Monday, December 9, 2013

Little India Riots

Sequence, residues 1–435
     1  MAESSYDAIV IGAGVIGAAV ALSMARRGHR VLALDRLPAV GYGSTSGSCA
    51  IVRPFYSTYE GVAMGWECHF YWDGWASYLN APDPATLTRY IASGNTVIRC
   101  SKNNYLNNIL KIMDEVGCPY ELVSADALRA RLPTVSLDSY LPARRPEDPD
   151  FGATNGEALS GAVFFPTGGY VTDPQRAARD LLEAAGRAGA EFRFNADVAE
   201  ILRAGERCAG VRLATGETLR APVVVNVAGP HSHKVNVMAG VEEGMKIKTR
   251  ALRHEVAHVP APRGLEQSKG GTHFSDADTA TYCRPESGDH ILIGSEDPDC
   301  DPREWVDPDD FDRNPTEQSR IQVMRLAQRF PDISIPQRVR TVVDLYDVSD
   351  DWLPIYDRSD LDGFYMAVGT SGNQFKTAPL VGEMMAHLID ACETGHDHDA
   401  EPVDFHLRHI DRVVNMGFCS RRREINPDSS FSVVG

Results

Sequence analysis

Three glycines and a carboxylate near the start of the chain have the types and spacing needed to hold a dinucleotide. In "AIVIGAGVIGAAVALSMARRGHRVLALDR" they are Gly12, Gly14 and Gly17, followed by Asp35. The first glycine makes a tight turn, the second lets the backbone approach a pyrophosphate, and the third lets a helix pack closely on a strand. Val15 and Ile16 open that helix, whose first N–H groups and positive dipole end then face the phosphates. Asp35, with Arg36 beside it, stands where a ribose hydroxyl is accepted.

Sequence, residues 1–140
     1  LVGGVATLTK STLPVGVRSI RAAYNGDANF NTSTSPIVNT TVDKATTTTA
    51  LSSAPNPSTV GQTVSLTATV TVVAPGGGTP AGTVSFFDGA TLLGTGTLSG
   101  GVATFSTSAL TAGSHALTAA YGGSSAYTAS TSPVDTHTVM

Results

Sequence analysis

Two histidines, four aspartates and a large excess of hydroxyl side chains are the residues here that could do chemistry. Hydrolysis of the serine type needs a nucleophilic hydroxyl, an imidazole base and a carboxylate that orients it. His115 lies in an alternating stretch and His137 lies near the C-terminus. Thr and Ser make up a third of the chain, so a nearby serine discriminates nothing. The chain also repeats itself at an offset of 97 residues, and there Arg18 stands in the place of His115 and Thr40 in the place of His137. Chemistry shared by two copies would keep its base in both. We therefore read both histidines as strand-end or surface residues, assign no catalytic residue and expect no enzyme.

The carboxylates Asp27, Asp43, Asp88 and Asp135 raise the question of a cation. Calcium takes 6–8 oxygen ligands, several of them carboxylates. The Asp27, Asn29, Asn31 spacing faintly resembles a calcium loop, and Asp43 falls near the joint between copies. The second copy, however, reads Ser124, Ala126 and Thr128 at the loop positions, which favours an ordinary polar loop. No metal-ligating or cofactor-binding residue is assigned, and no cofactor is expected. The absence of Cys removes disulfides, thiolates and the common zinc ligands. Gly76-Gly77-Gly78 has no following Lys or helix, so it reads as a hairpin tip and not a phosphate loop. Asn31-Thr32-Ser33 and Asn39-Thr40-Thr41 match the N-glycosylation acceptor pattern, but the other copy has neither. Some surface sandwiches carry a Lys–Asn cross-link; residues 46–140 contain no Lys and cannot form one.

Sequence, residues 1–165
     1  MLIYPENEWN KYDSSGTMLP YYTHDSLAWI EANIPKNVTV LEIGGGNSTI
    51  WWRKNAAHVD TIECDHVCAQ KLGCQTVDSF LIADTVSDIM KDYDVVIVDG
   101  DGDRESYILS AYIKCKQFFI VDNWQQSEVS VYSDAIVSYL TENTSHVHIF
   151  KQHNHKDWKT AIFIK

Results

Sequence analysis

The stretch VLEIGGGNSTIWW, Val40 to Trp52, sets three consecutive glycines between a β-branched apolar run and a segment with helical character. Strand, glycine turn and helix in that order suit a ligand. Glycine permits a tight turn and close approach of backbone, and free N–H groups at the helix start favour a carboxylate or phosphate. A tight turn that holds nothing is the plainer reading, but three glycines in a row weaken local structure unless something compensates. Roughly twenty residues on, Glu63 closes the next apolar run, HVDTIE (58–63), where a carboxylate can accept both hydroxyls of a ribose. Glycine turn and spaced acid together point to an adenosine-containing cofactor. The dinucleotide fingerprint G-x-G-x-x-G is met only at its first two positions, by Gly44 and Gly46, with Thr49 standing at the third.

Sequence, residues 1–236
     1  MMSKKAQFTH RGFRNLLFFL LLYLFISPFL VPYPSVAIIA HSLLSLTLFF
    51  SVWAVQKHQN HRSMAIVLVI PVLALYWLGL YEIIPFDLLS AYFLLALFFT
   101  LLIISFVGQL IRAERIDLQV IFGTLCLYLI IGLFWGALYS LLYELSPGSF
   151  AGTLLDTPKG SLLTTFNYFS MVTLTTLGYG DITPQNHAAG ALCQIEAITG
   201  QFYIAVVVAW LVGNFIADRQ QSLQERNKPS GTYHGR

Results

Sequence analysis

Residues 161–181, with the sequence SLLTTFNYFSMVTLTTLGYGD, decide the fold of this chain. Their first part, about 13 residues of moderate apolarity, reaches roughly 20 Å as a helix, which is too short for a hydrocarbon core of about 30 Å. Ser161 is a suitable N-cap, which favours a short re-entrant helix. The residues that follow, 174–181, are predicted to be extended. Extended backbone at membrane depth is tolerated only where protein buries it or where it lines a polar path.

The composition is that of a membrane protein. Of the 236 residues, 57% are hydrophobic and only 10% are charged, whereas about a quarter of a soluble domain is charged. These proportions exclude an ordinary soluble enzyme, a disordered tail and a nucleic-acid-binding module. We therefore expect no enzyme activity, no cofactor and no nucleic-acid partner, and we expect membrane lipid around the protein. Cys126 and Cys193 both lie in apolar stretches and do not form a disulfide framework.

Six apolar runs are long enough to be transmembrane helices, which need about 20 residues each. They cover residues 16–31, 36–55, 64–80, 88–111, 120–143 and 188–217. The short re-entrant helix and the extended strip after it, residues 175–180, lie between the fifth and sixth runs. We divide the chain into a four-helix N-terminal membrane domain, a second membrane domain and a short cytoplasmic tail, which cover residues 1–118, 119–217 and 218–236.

Chaos broke out in Little India last night (Dec 8), after a crowd of hundreds surrounded a coach at the junction of Race Course Road and Hampshire Road that knocked down and killed an Indian national. The riot, which the police said involved about 400 people, broke out around 9.30pm. The police said 27 South Asians have been arrested. More could be hauled in as investigations continue. The case has been classified as rioting with dangerous weapons. In total, there were 18 casualties including 10 police officers, four Singapore Civil Defence Force (SCDF) personnel, as well as the coach driver - whom the police said is Singaporean - and his assistant. Six remained at Tan Tock Seng hospital overnight but their conditions were “not serious”, the authorities said. Writing on Facebook at close to 3am, Prime Minister Lee Hsien Loong said the riot was a “very grave incident”. “Several police officers were injured, and vehicles damaged or destroyed. The situation is now under control, and investigations are underway.” he said. “Whatever events may have sparked the rioting, there is no excuse for such violent, destructive, and criminal behaviour. We will spare no effort to identify the culprits and deal with them with the full force of the law.” The incident began after the SCDF was alerted at 9.25pm to a road accident in Little India. In a statement, SCDF said that a man was trapped under the bus when its officers arrived on the scene and a paramedic pronounced the man dead. While SCDF rescuers were extricating the body using hydraulic rescue equipment, “projectiles” were thrown at them, the statement said. Eye witnesses told TODAY that they heard shouting before a crowd that had gathered at the scene started hurling bottles and rubbish bins at the police and SCDF vehicles. The crowd became more rowdy and threw more items including metal grates, baskets, vegetables and pieces of road dividers at law enforcement personnel. Several police cars were overturned and five vehicles - three police vehicles, an SCDF ambulance and a motorbike - were burnt. In total, five police vehicles and nine SCDF vehicles were damaged. A press conference was held after 2am at the Ministry of Home Affairs. It was chaired by Deputy Prime Minister and Home Affairs Minister Teo Chee Hean, who was flanked by Second Home Affairs Minister S Iswaran, Police Commissioner Ng Joo Hee and Deputy Police Commissioner T Raja Kumar. Mr Teo, who visited the scene with Mr Iswaran after the riot was brought under the control, noted the riot started after a crowd reacted to the fatal accident. “The Government will not tolerate such lawless behaviour. I have asked Police to deal with all aspects of the incident, including the traffic accident, what happened immediately after the traffic accident, and all ensuing incidents,” he said. “Police will investigate the matter thoroughly and deal with all the persons involved strictly, firmly, and fairly according to our laws.” Noting that this was the first case of street rioting in three or four decades, Mr Ng said that in the days ahead, the authorities will pay “extra attention” to Little India as well as foreign worker dormitories and areas where they congregate. The police deployed 300 officers - from the Special Operations Command and the Gurkha Contingent - to quell the riot and no shot were fired, said Mr Ng. The situation was brought under control within 1.5 hours. Twitter and Facebook were abuzz over the incident, with witnesses posting photos and videos, leading Acting Minister for Manpower Tan Chuan-Jin to write on his Facebook page: “Stay calm. Don’t speculate. Singapore Police Force is on the ground. This is not a game. Nor time for politicking. Our guys are on the line. Support them please.” Throughout the riot, the police also advised the public to stay away from the area. One eyewitness told TODAY he saw an ambulance arrive and paramedics attempt to extract the man who was pinned under the coach. When they were unable to, the crowd became incensed and began throwing things at the ambulance, shattering the windscreen. Ms Faith Su, 31, who was at her relatives’ home near Race Course Road, said she heard the commotion around 9.45pm, when crowds began swarming around the coach, shouting and throwing things. “The situation escalated into a riot, there was overturning of the police cars that had arrived, and it looked like one of them caught fire and it was burning. Things only settled down a bit after the riot police arrived. I (could) still smell the smoke (around 11pm).”